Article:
The government’s motivation behind the demonetization was to curtail the shadow economy and crack down on the use of illicit and counterfeit cash to fund illegal activity and terrorism. Yet, according to The Guardian, 90% of banknotes have been returned after the announcement, a much higher amount than what the government suspected. Either there wasn’t as much illegal activity as suspected, or those who did have illegally acquired banknotes, found equally illegal ways to change their money to the new currency. Some believe certain bankers were bribed or forced to comply.
According to Forbes, 96% of transactions in India were conducted in cash at the time. Partly the reason for the demonetization was to encourage Indians to open bank accounts. Yet the sudden nature of the announcement gave them no warning, and the trade and economy came to a crashing halt. At the time, only half of the population had bank accounts.
The informal economy was therefore the hardest hit, and these are also the people who depend most heavily on remittance. Luckily, international money transfer companies adapted to the new banknotes swiftly.
Mobile and digital remittance in 2017
A significant development to observe and monitor in 2017 would be mobile remittance. 2014 saw a magnitude of startups offering Indians quick, easy and cheap means of sending money to India and receiving it on the other side – no bank account required. The idea at the time was to side step the prolonged process of paperwork required to transfer money abroad when signing up with the more traditional and established money transfer companies.
Yet these companies had some traits that the startups didn’t: they are reliable, secure and trusted. Today, many of these established companies offer mobile remittance, and even the Post Office of India has a mobile money transfer service that is accessible and doesn’t require a bank account.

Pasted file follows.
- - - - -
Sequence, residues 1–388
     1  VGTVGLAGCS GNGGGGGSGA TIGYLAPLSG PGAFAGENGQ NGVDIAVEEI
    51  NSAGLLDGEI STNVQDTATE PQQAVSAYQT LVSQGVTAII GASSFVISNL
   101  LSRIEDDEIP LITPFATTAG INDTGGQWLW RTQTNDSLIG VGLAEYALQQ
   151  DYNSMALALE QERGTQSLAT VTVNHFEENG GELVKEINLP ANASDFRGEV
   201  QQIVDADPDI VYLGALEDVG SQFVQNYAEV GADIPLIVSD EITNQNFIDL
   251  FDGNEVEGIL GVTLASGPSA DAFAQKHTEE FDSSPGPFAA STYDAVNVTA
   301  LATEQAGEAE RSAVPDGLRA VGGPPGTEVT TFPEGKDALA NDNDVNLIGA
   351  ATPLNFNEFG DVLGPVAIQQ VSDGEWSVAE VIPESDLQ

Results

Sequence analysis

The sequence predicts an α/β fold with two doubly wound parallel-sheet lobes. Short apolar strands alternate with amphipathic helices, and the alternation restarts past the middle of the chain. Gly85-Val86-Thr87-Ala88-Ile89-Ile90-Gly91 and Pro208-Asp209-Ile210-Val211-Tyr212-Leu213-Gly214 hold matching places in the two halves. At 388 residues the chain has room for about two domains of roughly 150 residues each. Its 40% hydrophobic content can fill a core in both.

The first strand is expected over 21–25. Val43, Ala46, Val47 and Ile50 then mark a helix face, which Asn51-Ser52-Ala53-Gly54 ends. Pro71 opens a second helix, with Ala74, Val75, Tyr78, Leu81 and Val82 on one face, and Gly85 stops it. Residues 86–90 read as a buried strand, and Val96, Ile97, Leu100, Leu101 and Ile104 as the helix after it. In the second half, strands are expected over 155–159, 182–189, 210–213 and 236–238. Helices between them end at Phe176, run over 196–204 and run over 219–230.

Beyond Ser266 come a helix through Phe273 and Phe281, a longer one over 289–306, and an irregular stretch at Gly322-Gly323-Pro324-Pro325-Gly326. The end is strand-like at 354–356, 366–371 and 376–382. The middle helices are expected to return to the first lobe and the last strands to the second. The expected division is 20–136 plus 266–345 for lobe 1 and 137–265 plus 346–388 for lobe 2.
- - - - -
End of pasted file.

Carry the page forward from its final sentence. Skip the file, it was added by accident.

Since mobile communication is the fastest developing mode of communication in developing countries, it will be interesting to watch how mobile remittance fairs in the rest of 2017. Predictions are that it will grow.
One thing the demonetization did achieve, was that more and more Indians are doing business digitally now. According to Forbes:
“The providers of e-wallet and other digital payment systems have correctly viewed demonetization as a way to promote their services and to obtain new users. Since Modi’s announcement, Paytm, a popular e-wallet, has seen a threefold increase in new sign-ups, while Oxigen Wallet’s daily users spiked by 167%.”
It is expected that a new wave of startups for digital remittance will see the light as 2017 moves forward.
It is still unclear whether the total amount of remittance will decrease further during 2017 or whether it will start climbing back to an increase, but it does seem that the means with which the money reaches India, and the way in which these dollars are then exchanged and traded within the country, will diversify as India moves away from being a predominantly cash economy.
Whatever happens, the money transfer services in India will continue to work hard to help Indians abroad to send their hard-earned money home.